Boyd doesn't have anything like that sort of NHL season on the resume, but he's a year and a half younger and did score 11 goals last year while playing with the Nystroms and Roys of the world. If he'd been better in terms of EV +/-, I might consider him even with Dawes, but the Flames are almost certainly going to be a team that emphasizes defence first, and that -11 EV he finished with is a poor number irrespective of teammates. Dustin Boyd is a skilled guy, but he's got a ways to go in his own end. Given the experience factor, and the fact that the management has talked him up this summer, I wouldn't be shocked if Nigel Dawes gets a serious look at a scoring role on this team.
2) Why not Glencross?
Not a bad question at all. If a team is going to put its top six forwards on its top two lines, Curtis Glencross should be one of those guys for Calgary. Along with David Moss and Craig Conroy, he was a part of an excellent third line last season, and his addition, along with Bourque, gave the Flames some decent depth until the injury bug overwhelmed the team in March and April. If anyone wants to make the case that Glencross should be in the top group based on merit, it's a valid argument. I just have a suspicion that the Flames don't want a team that resembles its 07/08 edition, i.e. 2 lines and bugger-all else. Glencross, Conroy and one of the Stroms have a chance to be a solid two-way line that can get some traction versus other bottom-sixers. Put Dawes or Boyd in that spot, or both Stroms with Conroy, and things begin to look a bit thin on the last two lines. Curtis Glencross is a very important member of the Calgary Flames, no matter what line he's on. The team just seems more balanced to me if he and Conroy are two-thirds of a good third line, but differing opinions are certainly welcome on this point.
3) Backlund, perhaps?
I'll deal with my expectations for the Flames' most skilled prospect in much more detail later this week, but here's the short form: unless he absolutely, positively kills it in camp, he needs a year in Abbotsford. The AHL is no pushover league. Smoke the grown-ups down there, and then maybe we'll talk about Mikael Backlund as a full time NHLer.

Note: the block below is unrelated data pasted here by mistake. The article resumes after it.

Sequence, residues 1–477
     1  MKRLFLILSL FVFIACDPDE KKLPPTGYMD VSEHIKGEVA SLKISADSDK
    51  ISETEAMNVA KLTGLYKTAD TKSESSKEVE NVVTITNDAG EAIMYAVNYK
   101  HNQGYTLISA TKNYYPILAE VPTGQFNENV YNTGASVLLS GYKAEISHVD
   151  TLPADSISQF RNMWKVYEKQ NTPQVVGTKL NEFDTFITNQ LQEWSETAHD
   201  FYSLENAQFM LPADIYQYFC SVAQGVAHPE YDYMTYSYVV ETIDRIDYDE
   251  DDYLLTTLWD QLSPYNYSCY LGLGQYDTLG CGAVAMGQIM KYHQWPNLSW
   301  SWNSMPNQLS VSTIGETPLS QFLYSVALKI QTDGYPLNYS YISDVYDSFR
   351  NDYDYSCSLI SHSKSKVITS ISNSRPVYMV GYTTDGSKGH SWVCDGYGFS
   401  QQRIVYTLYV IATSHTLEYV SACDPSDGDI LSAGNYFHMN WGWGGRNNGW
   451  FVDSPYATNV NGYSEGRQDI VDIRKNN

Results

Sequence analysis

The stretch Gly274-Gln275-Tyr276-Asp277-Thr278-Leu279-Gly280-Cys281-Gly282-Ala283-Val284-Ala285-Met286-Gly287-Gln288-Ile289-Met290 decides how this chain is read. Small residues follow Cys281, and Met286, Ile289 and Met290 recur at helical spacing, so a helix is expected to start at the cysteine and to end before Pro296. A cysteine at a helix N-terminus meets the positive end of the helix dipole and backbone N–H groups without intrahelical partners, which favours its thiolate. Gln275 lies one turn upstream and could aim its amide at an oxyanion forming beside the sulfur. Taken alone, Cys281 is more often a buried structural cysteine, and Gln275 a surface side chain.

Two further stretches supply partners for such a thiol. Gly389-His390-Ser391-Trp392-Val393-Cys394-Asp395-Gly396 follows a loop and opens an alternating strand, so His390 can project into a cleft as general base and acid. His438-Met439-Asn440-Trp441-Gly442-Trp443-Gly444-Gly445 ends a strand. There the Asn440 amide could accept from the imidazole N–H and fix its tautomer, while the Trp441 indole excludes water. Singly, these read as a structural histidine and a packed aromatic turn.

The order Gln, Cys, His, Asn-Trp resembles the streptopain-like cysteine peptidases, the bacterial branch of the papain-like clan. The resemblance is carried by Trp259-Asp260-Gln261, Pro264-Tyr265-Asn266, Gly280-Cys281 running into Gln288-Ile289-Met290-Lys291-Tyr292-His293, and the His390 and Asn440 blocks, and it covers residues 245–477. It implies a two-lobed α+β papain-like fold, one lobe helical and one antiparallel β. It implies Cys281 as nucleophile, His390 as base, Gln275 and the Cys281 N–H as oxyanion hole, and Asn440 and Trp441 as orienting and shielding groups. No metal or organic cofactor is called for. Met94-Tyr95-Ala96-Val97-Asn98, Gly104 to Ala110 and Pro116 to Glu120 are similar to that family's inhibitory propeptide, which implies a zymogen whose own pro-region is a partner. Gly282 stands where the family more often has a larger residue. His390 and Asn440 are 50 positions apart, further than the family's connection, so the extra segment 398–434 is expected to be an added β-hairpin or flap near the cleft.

4) Is there a dark horse?
Players like Kyle Greentree, Jason Jaffray, Kris Chucko or Jamie Lundmark could fall under this category. Greentree had 39 goals last season on an offensively challenged QC squad, but he'll be 26 this year and his skating has always been the question mark about him. I also look with a bit of caution at older guys that run up big totals in the AHL, and I'm not alone. Alexandre Giroux scored 60 goals for Hershey last year, had a terrific AHL playoff run culminating in a Calder Cup, and got a 500,000 two way deal from the Caps for all that. Why? 28 years old, is why. He's found his level, and it isn't quite the NHL. That's no sin, but unless any of these gents have another level that they haven't shown yet, they're much more likely to be top-six in Abbotsford than to make the Flames in any role of any sort. I don't see any of the other roster playes on one-way deals being anything but bottom-sixers.
There may be other options that reveal themselves over the course of the next month, or maybe a trade of a defenceman for a forward that shakes things up. Absent that, these appear to be the options at hand, and I'll confess that they don't fill me with a lot of confidence. The best hope is for Dawes or Boyd to break out, because it allows the team to leave Glencross with Conroy, giving the team some stability on the bottom end.
In the next installment, I'll have a look at some of the options for 7th defenceman.